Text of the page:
As he holds a paper cup of steaming tea in his hand, sweat beading on his back from the humid air, Benoit realizes something. When the Americans shifted the months of the year—eliminated February and March, halved October and November and doubled June, July, and August—in accordance with climate savings, they had actually changed the way time runs. Here-and-now in New York is not the same here-and-now in France, separated by a nominal six-hour difference, but a totally unsynchronized place-and-time, dilated like a clock in outer space.
Twenty years ago, when Benoit visited London, he’d heard the birds start singing at exactly four a.m. In France, however, they start singing at precisely 5:00 a.m. Of course this is because, despite the two time zones with a difference of one hour, the birds of England and of France recognized the single right moment to start singing. They were simply side-by-side on the same merry-go-round.
Quantum theory suggests that now, birds and people of New York are living on an entirely different merry-go-round. But not just them—all these places of the world have fractured off into separate realities. This is only observable to an outsider, and no one else streaming through the fetid streets of New York appears disoriented or oppressed as he is.
He means to ask her about this. Perhaps this is why he is here, thinking of her—someone from his past—as though she is in his present. It finally dawns on him that he feels sorry for the way he treated her back then. He knew how she loved him, or could love him, and pretended he couldn’t see it. As if it weren’t perfectly visible—impossible to hide, like love always is.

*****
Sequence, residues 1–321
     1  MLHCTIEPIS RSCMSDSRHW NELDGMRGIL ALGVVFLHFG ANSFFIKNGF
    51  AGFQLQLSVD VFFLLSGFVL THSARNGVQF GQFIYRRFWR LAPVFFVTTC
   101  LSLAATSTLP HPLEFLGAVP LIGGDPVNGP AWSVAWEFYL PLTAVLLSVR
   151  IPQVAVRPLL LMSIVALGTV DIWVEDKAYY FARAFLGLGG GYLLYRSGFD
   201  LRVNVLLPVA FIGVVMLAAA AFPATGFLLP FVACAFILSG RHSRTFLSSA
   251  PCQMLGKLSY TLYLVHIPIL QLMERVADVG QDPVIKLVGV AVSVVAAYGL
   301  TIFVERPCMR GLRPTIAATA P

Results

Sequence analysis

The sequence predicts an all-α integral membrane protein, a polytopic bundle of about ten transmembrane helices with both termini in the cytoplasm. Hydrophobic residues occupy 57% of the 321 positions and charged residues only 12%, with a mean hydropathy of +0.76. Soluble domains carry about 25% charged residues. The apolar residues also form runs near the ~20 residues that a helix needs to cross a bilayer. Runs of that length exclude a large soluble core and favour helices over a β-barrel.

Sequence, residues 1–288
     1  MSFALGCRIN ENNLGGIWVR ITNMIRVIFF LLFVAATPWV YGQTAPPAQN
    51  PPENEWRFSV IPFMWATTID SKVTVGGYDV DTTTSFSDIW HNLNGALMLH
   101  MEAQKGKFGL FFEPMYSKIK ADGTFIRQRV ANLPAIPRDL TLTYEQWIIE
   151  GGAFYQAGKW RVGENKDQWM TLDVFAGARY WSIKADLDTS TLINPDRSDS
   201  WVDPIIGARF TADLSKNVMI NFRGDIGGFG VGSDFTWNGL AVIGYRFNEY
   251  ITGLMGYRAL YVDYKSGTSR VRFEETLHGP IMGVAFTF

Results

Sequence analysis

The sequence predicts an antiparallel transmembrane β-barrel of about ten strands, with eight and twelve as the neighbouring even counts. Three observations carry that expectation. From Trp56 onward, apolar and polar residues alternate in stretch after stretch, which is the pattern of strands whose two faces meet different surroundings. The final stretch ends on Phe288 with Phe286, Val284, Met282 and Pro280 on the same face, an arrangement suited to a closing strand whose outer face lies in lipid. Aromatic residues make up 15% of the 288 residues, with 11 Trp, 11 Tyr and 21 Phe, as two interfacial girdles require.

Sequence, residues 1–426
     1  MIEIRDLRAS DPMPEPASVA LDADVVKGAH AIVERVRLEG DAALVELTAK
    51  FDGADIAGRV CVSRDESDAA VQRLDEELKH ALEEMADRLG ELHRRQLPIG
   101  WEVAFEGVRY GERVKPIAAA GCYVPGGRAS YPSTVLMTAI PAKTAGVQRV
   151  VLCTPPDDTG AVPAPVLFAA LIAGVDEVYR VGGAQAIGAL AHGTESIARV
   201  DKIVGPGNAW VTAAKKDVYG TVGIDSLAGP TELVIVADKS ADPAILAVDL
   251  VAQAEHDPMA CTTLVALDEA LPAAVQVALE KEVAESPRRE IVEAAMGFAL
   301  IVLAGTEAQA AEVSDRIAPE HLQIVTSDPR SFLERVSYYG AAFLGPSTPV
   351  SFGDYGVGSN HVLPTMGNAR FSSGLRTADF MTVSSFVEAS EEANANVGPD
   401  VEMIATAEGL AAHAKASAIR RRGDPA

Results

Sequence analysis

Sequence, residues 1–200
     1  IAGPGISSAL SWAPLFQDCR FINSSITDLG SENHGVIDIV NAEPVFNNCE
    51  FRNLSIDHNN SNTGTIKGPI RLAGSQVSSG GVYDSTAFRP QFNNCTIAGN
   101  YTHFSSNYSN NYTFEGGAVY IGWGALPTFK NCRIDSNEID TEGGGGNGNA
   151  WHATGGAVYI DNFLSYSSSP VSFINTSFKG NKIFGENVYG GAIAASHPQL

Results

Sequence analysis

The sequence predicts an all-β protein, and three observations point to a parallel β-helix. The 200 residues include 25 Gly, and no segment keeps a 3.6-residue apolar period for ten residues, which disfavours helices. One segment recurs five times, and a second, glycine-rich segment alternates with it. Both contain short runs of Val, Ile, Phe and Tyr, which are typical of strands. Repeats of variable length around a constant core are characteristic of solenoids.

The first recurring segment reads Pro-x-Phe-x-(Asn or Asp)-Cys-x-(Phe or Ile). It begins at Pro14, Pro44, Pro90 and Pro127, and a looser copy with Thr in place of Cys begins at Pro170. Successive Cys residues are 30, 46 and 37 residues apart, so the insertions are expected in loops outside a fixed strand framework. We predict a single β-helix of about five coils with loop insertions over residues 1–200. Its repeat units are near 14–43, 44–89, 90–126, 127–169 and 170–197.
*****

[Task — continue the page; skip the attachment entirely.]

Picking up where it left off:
A scorching twilight descends outside the cafe. He stops walking when his eyes get caught up by a strange, ineffably beautiful color filling a shop window like a fog. It’s displayed in the next boutique as well. Clothes, furniture, shoes, carpets, phones, and smart homes, all radiant in this ecstatic hue. In a chic ladies’ boutique, there is even a fur coat in the new color, although it would be far too warm to wear almost anywhere in the world.
Benoit shivers, wipes the sweat from his brow. He reads the block letters stenciled on the window:
Meet Knip, color of the year 2022. It’s blithe, seductive, yet innocent, symbolizing happiness and trust in the future. The color of soulfulness, it has been chosen for its ability to give people hope.
It’s now almost five o’clock, their appointed meeting hour. He imagines her waiting for him at the hotel bar, but somehow finds it difficult to turn away from the shop window. He has the most irrational desire to bury himself in that coat. It would fill him with something he has lost forever—and he has lost much over the years. If he could just keep looking at it, he might recover the man he used to be, the man he once wished to become. The few people he had truly loved without cynicism. Frosted fall mornings that had yawned slowly over the mountains, glaciers on Mont Blanc, snow on Christmas Eve.
But now he takes a deep breath and wrenches himself away, turning his back on his dreams. He runs and doesn’t stop until he’s standing by the gleaming glass windows of the hotel. He sees her at the corner table, checking her watch every minute, hiding her nervousness behind tiny sips of wine and hair like a waterfall at night. She’s been waiting for him for a very long time.
Juhea Kim's writing has been published or is forthcoming in Granta, Slice, Zyzzyva, and Sierra Magazine. Her translation of Lee Sang Award-winning author Choi In-Ho was published in Granta. She is the founder and editor of Peaceful Dumpling, an online magazine covering sustainable lifestyle and ecological literature. She received the Katharine Bakeless Nason Scholarship to Bread Loaf Environmental Writers Conference and a BA from Princeton University.